The White House Press Briefings in recent days have seen Press Secretary Karine Jean-Pierre repeatedly invoke the Hatch Act to avoid answering questions. In this article, we provide an overview of the Hatch Act, its applicability to the role of White House Press Secretary, and why it matters. 

What is the Hatch Act?

Let’s first look at what constitutes a violation of the Hatch Act. According to the US Office of Special Counsel, this law “restricts the political activity of individuals principally employed by” the federal government. Specifically, federal employees may not:

“Engage in political activity – i.e., activity directed at the success or failure of a political party, candidate for partisan political office, or partisan political group – while the employee is on duty, in any federal room or building, while wearing a uniform or official insignia, or using any federally owned or leased vehicle.”

Political activity here is defined as “activity directed at the success or failure of a political party, candidate for partisan political office, or partisan political group.” It’s important to note that the Hatch Act does not apply to personal opinions, as long as those opinions are NOT tied to a political candidate or political party.

“The Hatch Act does not prohibit employees at any time, including when they are at work or on duty, from expressing their personal opinions about issues, even if politically charged, such as healthcare reform, gun control, or abortion, because such expressions do not constitute political activity. However, such expressions would constitute political activity if tied to candidates or political parties.”

Comments for or against political candidates AND political parties are off limits when it comes to the Hatch Act and, for the White House Press Secretary, that means no campaigning or trying to impact the outcome of the election from the podium.

Has KJP Violated the Hatch Act?

While KJP, unlike her predecessor, has successfully observed the line on political candidates, she appears to frequently violate the law when it comes to political parties. For example:

“The Inflation Reduction Act is…going to lower energy costs. These are real wins that we have delivered for the American people — that congressional Democrats have delivered for the American people, where Republicans, their plan — their plan is to take that away. They want — they want to take away lowering costs on healthcare. They want to take away lowering costs on energy.”

Or this:

“And the thing to remember and I think the question to ask — or the thing to actually really think about here is what Republicans are trying to do.  When you look at these lawsuits across the country, they’re coming from Republicans. And Republicans want to take away this essential need...”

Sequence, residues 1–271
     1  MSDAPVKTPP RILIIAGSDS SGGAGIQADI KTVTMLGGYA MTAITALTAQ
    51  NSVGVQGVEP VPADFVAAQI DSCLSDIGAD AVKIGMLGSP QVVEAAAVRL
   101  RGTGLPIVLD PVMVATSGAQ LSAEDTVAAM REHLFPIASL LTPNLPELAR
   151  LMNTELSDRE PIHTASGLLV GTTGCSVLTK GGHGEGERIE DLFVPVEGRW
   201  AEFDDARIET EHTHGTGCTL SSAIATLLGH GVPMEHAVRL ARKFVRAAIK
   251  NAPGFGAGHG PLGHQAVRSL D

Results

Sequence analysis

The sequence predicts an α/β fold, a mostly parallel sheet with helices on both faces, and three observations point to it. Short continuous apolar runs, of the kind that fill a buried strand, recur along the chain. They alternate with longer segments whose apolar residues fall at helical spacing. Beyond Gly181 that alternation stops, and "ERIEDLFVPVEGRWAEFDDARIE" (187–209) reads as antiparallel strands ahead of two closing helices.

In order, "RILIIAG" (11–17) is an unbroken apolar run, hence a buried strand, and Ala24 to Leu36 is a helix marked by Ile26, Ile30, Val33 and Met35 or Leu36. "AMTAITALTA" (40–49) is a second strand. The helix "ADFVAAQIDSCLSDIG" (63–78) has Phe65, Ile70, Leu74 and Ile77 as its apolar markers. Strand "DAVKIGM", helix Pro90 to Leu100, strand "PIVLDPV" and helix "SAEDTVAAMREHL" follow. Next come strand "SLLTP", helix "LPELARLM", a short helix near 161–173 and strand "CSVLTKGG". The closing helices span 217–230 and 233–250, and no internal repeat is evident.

Or even this, which was part of her written comments for Tuesday’s press briefing:

“If there — if there are enough votes in Congress, the first piece of legislation the President is going to sign or he will send to the — to the Hill, I should say, next year, in the new — in the new Congress will once again make Roe the law of the land.”

“If there are enough votes in Congress” sounds innocent until you think about it for more than a couple of seconds. She is coercing a political outcome with the promise of legislation. Curiously, when questions about her written statement later in the briefing, she again invoked the Hatch Act. 

Q: “I’m trying to get specific.  How many more votes does the President think he needs in the Senate to codify Roe? Is it 51, 52?”

KJP: “I’m not going to get ahead of this election or talk about this election. So I’m going — this was a political speech and not going to weigh into any specific numbers.”

Q: “You did say if there are enough votes in Congress, the President would send, as his first bill in the 118th Congress, a bill to codify Roe. You can’t say how many is enough?”

KJP: “No, I can’t.”

Makes perfect sense. 

Does It Matter?

The White House Press Secretary campaigning from the podium provides Democrats with an asymmetrical advantage in the coming election. Making promises of what “this president” will do if the Democrats get enough votes in the legislature affects every congressional race in the country. 

Consider the press coverage that the White House gets, with hoards of reporters following every move and word and, because of the unity of the establishment, quickly carrying their message around the world. The opposing party has no similar platform or coverage.

It is for this reason that we have the Hatch Act in the first place – so that the incumbent party cannot use the power of the Presidency or other government authority to impact the outcome of the election. Of course, addressing the overt Hatch Act violations of this White House Press Secretary requires someone actually holding her accountable.

So it matters; but, in reality, it’s likely moot. 

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